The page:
- Series: European Perspectives: A Series in Social Thought and Cultural Criticism
- Paperback: 350 pages
- Publisher: Columbia University Press; Revised ed. edition (April 15, 1995)
- Language: English
- ISBN-10: 0231081596
- ISBN-13: 978-0231081597
- Product Dimensions: 1 x 6.2 x 9.2 inches
- Shipping Weight: 1.1 pounds (View shipping rates and policies)
- Average Customer Review: 19 customer reviews
- Amazon Best Sellers Rank: #48,033 in Books (See Top 100 in Books)
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Difference and Repetition Revised ed. Edition
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This is a long-overdue, and skillful, translation of one of Deleuzes most important and original works...It occupies an important place in Deleuzes oeuvre as the first text, following a series of historical commentaries, in which he philosophizes on his own behalf. It occupies an equally important place in the evolution of French philosophy in the 20th century, as it articulates a profound critique of the philosophy of representation while constructing a metaphysics of difference freed from subordination to a logic of identity. While charting the development through the history of philosophy of the concepts of ' pure difference and ' complex repetition, Deleuze proposes a new image of thought, which readers familiar with his later works will recognize. A difficult and challenging text that has done as much as any to initiate the philosophy of difference that characterizes much recent French thought, this book is one of the classics of recent European philosophy.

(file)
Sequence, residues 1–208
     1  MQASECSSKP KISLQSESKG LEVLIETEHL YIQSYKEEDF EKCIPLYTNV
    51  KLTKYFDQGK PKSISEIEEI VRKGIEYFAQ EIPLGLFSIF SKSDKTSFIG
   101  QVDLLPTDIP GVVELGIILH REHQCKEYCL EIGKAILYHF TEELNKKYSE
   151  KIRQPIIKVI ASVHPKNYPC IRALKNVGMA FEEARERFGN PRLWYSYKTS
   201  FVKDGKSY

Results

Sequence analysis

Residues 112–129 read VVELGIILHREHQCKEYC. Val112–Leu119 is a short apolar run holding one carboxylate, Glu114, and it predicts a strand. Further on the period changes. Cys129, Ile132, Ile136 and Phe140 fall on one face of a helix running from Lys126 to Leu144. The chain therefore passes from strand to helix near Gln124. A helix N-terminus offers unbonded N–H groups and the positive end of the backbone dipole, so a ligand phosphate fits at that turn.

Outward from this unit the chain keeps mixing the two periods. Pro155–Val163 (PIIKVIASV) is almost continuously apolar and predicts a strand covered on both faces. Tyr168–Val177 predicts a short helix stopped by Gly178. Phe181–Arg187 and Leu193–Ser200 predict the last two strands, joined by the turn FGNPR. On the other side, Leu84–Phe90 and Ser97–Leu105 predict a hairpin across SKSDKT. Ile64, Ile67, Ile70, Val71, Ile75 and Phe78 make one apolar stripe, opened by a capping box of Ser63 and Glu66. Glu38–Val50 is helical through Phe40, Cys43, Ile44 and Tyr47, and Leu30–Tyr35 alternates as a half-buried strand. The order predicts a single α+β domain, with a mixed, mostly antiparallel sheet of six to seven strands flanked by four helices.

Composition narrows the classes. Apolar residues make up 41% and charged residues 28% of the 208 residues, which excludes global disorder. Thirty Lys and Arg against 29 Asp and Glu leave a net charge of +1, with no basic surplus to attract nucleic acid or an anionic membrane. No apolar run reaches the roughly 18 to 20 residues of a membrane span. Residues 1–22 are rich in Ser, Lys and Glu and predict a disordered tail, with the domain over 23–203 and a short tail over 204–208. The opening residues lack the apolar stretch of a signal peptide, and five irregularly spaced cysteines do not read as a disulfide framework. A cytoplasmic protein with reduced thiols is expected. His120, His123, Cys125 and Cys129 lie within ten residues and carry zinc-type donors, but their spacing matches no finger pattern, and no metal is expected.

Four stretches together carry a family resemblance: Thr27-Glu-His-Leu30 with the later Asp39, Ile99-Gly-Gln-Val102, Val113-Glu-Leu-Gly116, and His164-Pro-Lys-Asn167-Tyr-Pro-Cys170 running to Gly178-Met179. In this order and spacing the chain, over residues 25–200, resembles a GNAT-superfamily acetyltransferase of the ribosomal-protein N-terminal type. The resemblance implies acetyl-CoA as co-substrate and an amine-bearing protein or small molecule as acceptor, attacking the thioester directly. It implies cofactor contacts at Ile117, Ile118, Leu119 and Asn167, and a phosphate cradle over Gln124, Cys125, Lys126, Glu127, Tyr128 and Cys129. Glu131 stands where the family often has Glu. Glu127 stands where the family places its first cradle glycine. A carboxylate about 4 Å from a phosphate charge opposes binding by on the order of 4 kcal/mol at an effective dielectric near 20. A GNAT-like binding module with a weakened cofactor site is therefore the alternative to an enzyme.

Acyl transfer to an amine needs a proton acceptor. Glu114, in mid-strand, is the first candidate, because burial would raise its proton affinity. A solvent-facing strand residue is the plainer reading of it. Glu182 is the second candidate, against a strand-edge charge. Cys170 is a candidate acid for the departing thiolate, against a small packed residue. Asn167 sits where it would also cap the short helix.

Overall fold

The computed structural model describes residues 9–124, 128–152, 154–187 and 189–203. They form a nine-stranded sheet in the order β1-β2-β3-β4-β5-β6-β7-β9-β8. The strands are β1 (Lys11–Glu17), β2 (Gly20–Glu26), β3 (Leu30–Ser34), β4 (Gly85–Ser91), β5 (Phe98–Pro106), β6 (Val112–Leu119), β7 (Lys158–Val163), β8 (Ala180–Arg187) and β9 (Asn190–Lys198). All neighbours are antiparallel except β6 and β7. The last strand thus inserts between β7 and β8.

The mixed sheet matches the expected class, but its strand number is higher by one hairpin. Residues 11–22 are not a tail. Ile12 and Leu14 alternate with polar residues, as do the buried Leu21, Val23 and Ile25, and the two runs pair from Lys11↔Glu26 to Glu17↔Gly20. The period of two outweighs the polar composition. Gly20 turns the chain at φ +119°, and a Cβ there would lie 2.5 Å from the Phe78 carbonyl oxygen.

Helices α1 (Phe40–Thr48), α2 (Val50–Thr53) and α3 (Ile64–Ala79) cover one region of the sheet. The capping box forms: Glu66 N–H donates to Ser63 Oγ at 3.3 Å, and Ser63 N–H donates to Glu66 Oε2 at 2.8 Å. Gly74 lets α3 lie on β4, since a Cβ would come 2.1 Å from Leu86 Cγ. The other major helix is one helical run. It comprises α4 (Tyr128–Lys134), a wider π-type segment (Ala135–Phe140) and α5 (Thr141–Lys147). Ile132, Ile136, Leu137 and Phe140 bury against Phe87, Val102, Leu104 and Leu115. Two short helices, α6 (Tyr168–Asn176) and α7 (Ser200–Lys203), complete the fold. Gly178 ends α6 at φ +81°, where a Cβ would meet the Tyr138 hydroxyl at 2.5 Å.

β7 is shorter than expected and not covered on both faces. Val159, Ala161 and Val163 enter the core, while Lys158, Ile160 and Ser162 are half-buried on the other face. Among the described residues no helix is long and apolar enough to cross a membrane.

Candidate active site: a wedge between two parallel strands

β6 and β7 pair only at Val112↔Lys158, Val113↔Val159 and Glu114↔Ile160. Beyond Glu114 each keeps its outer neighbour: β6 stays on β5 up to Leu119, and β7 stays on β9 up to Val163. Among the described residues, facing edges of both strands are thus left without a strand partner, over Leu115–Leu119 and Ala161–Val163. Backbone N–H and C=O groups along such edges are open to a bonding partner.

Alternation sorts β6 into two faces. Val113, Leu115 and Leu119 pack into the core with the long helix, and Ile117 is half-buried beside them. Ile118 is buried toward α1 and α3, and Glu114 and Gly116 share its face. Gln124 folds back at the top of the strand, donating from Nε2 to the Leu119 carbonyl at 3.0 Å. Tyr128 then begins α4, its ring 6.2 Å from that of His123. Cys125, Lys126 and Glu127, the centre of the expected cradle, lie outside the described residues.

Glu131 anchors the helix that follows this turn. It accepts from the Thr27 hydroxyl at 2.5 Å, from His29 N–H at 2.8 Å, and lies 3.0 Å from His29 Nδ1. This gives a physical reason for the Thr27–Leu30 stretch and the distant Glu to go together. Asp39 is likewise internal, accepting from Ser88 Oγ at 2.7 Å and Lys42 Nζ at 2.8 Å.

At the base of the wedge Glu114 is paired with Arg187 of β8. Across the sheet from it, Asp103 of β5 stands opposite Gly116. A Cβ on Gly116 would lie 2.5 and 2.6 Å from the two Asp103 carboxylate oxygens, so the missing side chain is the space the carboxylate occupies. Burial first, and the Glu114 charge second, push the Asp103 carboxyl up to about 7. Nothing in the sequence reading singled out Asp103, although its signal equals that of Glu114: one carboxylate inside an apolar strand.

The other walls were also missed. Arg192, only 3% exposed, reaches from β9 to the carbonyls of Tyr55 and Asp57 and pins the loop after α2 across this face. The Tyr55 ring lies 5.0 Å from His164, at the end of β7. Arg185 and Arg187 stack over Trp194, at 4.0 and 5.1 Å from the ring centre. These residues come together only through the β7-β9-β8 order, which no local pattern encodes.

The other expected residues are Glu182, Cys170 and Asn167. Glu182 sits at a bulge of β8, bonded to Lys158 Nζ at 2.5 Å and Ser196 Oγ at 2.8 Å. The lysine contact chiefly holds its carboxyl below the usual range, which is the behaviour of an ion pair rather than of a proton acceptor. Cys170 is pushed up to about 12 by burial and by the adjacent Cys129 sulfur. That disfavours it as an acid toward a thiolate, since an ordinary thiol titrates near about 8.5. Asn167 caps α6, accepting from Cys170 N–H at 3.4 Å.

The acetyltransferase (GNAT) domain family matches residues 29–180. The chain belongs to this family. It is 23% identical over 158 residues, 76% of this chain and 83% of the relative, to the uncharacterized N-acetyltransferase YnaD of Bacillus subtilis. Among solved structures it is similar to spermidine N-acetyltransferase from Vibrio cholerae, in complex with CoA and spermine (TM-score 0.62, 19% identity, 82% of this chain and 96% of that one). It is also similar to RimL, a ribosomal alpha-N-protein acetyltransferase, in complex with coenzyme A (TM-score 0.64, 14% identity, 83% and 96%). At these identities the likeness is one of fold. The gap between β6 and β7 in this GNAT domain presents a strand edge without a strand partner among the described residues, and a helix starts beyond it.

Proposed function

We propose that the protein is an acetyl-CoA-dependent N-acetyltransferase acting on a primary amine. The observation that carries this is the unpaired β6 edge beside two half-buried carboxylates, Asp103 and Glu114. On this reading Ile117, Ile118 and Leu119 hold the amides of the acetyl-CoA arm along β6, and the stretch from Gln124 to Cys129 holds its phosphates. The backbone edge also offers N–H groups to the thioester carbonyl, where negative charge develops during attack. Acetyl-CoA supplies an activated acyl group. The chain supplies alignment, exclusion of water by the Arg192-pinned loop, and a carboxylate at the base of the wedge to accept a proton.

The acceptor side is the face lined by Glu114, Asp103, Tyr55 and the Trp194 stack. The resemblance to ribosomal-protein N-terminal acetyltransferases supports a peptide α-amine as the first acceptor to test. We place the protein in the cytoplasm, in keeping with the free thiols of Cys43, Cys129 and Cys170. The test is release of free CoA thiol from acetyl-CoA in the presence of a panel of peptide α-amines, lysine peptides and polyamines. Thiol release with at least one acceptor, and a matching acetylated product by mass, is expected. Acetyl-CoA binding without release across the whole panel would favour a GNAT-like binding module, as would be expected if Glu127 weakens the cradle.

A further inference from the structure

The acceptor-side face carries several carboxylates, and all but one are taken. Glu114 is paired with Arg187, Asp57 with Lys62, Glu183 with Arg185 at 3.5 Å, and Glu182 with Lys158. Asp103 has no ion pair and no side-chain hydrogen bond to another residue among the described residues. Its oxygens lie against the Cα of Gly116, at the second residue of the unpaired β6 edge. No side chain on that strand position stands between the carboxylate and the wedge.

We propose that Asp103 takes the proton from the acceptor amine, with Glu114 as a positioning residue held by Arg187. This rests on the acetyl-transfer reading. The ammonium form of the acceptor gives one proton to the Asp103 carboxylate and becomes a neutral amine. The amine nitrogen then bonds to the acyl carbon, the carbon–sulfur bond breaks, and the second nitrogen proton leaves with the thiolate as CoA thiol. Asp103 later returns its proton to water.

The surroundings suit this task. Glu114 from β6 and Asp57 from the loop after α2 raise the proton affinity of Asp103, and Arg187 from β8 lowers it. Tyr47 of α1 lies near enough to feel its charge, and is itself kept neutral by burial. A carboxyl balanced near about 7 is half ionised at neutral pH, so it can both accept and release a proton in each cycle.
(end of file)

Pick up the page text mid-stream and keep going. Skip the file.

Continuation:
Text: English (translation)
Original Language: French --This text refers to the Hardcover edition.
Top customer reviews
True Thinking has finally been discovered by philosopher Giles Deleuze as revealed in his original work Difference and Repetition (1968). Hiding behind the illusion of thought promoted by almost all philosophers, and by everyday common sense as well, Deleuze describes in Chapter 3 how to think authentically and philosophically about the universe.
Rather than relying on the Cogito of logical thinking and understanding to enable us to grasp the reality of what we sense in the world, true thinking arouses "not a sensible being but the being of the sensible . . . not the given but that by which the given is given." (p. 140) "That which can only be sensed . . . the being of the sensible, moves the soul, `perplexes' it--in other words, forces it to pose a problem."
True thinking is aroused by the nomadic and the radical encounter of problems in this world, not by the abstractions of answers and similarities.
What is the foundation upon which this revolutionary form of thought rests? Not turtles or elephants or reasons, but: Difference. What Derrida has applied to the world of the text, Deleuze applies to the universe of biopsychical life as well. In so doing he shreds the barriers of both time and space.
But what has kept this veil of ignorance over the mind of man throughout time? Fear of the abyss, common sense and a false reliance on "good thought." Why is this a fearful abyss? If we ground true thinking on the groundlessness of Difference, not sameness or identity, there is no God (who can fully describe god?) there is no Self (who can fully describe a self?) there is no Universe (who can fully describe the universe?) That tends to make most people nervous when you realize the implications. There is fundamentally the encounter with the being of the sensible, the problematic, the creative, the nomadic, the chaotic.
FOUR POSTULATES OF ERRONEOUS THINKING (Chapter 3)
Dogmatic Representational Thinking
Traditional thinking such as for Kant, mistakes representational thinking for thinking itself--asserting that the representation is the "dogmatic" entirety of thought. Deleuze here presents eight postulates of erroneous thinking, the first four are subjective errors (what we all know), and the last four are based on objective errors (presuppositions based on propositions, or logical assertions)
Deleuze's First Postulate
States that based on `the principle of the Cogitatio natura universalis', we are all born with a capacity to think and that once this capacity is actualized it naturally wants the truth or has a natural orientation towards the true.